Race queries on forms draw fire

September 30, 1997


Staff Writer

Only two people attended a Hagerstown hearing on racial designations Tuesday night, but both recounted experiences with a classification system that a state task force is grappling with.

Stephanie Davis, a South Hagerstown High School senior, said she dreads filling out school forms every year because there is no box that reflects her mixed heritage.

"I have never gotten a category that fits me. I don't think it's fair to pick one side of my family over the other," she said. "I feel as though I am both (black and white). You can't pick one over the other."


Boonsboro resident Michael Sirbaugh, who adopted two mixed-race children, said he had the same problem when he filled out school forms for his children.

"I told them none of them are correct and I don't want to make a false statement on an official document," he said. "I asked what would happen if I left it blank and they said, `Then, we'll pick one for you. You can't leave it blank.'"

Davis asked members of the task force why forms cannot have one race box: the human race.

Eliminating racial classification altogether, however, would be more complicated than it sounds, officials said.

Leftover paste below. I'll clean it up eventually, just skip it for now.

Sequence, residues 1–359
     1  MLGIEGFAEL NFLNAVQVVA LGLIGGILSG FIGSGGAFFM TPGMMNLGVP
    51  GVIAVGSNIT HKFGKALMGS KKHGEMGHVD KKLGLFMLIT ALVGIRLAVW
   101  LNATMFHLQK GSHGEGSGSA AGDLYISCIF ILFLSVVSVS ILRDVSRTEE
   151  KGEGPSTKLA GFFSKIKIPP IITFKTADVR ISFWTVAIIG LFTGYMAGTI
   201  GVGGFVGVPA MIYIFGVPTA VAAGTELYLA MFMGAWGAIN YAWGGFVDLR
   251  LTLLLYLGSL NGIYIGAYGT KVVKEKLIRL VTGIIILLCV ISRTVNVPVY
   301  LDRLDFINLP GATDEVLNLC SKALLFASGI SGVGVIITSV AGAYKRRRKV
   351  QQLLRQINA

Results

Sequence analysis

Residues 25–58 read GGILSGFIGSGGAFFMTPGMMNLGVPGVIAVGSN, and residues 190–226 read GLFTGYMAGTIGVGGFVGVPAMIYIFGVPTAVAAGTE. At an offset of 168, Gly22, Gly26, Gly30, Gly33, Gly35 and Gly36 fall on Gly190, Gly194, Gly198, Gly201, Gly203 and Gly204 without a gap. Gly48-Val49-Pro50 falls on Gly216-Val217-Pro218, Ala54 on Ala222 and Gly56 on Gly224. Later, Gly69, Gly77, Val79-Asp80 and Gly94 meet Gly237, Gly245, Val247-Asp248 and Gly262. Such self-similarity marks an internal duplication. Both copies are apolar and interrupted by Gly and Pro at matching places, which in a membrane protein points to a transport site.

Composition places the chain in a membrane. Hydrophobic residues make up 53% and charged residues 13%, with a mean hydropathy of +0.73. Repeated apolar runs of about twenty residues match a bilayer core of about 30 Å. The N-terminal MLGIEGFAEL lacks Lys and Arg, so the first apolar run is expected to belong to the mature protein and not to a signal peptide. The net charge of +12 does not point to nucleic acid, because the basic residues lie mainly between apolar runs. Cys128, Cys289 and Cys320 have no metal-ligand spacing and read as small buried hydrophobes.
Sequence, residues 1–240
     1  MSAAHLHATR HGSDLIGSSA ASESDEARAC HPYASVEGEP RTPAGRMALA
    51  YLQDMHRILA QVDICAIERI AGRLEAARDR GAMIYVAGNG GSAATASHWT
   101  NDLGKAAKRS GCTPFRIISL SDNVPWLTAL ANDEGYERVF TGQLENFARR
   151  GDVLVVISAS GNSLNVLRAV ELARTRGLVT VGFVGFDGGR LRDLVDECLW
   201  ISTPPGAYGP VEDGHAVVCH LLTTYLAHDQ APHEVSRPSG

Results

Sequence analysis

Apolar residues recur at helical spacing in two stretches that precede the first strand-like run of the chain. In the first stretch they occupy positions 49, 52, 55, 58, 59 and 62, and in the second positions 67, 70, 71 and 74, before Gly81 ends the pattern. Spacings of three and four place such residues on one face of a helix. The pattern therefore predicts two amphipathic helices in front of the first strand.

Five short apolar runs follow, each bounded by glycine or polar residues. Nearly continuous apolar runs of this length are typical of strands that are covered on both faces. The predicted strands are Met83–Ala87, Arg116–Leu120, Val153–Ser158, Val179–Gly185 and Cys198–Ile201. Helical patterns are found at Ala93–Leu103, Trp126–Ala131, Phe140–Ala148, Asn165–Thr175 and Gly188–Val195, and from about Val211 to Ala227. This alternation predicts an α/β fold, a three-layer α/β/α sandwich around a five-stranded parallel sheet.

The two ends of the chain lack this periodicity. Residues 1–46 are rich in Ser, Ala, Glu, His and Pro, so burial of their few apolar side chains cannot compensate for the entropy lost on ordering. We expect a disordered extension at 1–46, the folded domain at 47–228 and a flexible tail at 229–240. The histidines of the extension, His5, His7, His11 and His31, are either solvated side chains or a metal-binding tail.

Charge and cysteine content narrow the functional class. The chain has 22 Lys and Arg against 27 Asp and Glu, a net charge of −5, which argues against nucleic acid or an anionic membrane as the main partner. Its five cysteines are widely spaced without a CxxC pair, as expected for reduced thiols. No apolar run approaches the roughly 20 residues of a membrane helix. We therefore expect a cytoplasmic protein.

Del. Anne Healey, D-Prince George's, who sponsored legislation that created the task force, said classifying by race is important for redressing racial discrimination.

Race also translates into millions of dollars, Healey said. Gov. Parris N. Glendening vetoed a 1995 bill that would have added a multiracial box to state forms because he feared it might jeopardize federal grants, she said.

But for people of mixed racial descent - many of whom live in Healey's diverse district - state forms often force them to make a false choice between black and white, she said.

It goes beyond school forms, Healey said. She said a number of state agencies collect information about people's racial backgrounds.

"It's offensive to people," she said.

The task force, which includes state lawmakers, parents, educators, a demographer and a genealogist, will make recommendations by Dec. 1. Healey said she believes it is possible to create a more accurate classification system while preserving information needed to retain grants.

One suggestion is to allow respondents to check all the boxes that apply. Another would allow people to check "other" and then explain why.

"Either one of those is acceptable, but putting down something that is false is not," Sirbaugh said. "As long as it can be an honest answer."

Said Davis: "I've felt strongly about this since second grade, when I first had to fill one of these out."

Monday's hearing, held at South High, was the first of five scheduled throughout the state. Healey said she expects turnout to be larger at future hearings as the issue receives increased publicity.

There are no further sessions scheduled for Western Maryland.

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